Speculation is rising that Apple is working on a foldable iPhone, which can be called the iPhone Flip, and now reports from Asian supply chain sources say that the requisite durability tests have just been passed by two prototypes.
These prototypes are just phone shells, as per the United Daily News, which we believe include the casings and the screens, but not the various technical components. They were apparently tested in China at a factory run by Foxconn, Apple’s main supplier.
Like the Samsung Galaxy Z Flip or the Motorola Razr, one prototype is said to be using a clamshell form factor. The device has one large, unbroken display when it opens up, and afterwards, the upper half folds down over the lower half.
Much like the Microsoft Surface Duo, the second prototype has a dual-screen design: it opens up like a book, with a hinge running down the centre of two different screens. It is not clear, as yet, whether Apple has any preference for one model or the other.
Foldable iPhone is a Hinge Based Mechanism
A new patent filing, demonstrating the hinge mechanism that Apple could use on one of its foldable iPhone designs, has been released in the meantime. It would cause the phone to fold inwards (like the Galaxy Z Fold 2) and outwards in both ways (like the Huawei Mate Xs).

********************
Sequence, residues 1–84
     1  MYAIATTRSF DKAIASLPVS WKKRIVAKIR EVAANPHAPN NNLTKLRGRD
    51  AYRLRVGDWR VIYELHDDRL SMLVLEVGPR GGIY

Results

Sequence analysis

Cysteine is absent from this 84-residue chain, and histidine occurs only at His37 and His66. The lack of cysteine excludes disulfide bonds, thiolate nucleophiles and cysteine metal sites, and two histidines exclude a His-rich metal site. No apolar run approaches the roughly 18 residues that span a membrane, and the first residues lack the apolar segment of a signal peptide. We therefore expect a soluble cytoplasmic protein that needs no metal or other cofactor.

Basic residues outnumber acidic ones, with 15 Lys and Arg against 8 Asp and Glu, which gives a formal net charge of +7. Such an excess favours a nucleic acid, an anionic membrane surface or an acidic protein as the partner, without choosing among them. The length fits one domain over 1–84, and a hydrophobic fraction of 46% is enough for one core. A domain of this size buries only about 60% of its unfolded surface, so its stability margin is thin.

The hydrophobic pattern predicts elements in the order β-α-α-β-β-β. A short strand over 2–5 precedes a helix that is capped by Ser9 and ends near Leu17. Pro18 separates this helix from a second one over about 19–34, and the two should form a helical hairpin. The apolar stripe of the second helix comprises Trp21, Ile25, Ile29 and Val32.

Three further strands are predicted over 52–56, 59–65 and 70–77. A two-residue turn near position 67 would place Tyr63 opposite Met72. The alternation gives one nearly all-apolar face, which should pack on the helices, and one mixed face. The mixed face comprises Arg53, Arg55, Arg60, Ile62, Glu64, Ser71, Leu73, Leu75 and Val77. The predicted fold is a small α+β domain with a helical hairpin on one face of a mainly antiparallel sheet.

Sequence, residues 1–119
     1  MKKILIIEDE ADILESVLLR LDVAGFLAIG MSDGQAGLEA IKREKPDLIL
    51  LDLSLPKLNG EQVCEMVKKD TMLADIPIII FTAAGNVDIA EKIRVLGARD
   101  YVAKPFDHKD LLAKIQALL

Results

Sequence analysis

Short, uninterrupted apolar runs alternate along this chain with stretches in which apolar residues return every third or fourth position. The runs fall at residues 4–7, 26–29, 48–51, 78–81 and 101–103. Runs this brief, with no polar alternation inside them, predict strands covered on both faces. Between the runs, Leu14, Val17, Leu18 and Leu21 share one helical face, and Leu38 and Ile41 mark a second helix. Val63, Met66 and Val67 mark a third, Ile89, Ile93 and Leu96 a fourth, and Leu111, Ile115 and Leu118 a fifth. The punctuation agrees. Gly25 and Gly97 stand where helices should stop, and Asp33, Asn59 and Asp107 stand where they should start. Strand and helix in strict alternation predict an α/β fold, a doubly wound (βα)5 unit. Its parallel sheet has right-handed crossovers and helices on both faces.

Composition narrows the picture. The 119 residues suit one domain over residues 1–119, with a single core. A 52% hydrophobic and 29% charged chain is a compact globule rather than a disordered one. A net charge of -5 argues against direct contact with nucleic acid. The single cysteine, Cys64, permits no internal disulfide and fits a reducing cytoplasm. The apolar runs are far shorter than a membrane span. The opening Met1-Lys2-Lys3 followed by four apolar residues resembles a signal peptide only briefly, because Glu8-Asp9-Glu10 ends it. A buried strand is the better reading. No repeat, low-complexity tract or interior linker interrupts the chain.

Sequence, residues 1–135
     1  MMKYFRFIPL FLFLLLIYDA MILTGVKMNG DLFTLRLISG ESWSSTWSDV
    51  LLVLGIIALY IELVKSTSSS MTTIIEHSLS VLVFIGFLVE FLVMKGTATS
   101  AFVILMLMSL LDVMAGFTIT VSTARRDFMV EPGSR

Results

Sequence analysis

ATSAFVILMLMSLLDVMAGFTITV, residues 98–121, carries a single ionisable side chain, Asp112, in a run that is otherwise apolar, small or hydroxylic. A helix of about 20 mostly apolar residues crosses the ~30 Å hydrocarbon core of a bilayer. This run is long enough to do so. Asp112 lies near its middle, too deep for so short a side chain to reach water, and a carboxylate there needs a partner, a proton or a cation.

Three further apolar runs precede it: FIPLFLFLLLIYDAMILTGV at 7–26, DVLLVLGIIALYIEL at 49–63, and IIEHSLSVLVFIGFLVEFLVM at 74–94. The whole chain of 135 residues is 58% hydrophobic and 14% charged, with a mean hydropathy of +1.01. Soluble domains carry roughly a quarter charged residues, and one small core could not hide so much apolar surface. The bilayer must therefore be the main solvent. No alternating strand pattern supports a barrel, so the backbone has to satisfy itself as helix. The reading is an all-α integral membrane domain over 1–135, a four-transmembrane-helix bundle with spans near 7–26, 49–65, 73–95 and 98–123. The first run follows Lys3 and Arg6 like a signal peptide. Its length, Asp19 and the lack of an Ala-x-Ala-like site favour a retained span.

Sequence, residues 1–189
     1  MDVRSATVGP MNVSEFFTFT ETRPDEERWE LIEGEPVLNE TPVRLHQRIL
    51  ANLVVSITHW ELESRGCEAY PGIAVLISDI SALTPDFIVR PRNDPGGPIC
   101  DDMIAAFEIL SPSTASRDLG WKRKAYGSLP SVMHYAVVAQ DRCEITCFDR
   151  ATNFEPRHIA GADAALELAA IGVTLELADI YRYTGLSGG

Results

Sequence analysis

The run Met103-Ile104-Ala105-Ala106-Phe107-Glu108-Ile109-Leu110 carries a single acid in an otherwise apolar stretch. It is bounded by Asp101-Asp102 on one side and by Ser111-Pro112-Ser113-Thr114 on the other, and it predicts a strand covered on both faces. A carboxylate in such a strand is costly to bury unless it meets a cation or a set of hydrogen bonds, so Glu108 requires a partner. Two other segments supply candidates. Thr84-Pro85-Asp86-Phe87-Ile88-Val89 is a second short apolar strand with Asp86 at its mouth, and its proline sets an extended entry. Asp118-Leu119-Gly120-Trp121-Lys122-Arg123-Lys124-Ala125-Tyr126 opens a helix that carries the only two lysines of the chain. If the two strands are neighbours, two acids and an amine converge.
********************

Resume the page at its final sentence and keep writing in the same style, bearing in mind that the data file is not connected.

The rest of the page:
The patent entitled “Folding Electronic Devices With Geared Hinges” describes the need to give customers as much real estate as possible on the screen without making the device too voluminous, which is where the folding display fits in.
This one shows a possible concept instead of an end product, as always with patents, and there is no assurance that Apple will actually be going with this dual-direction hinge. We’ve also seen numerous hinge prototypes protected in previous Apple patents, possibly for a foldable iPhone.
With so much data leaking out, it seems obvious that Apple is at least serious about considering an iPhone Flip model if it can meet the requisite quality and reliability requirements. Don’t expect the device to appear at the earliest until 2022, though.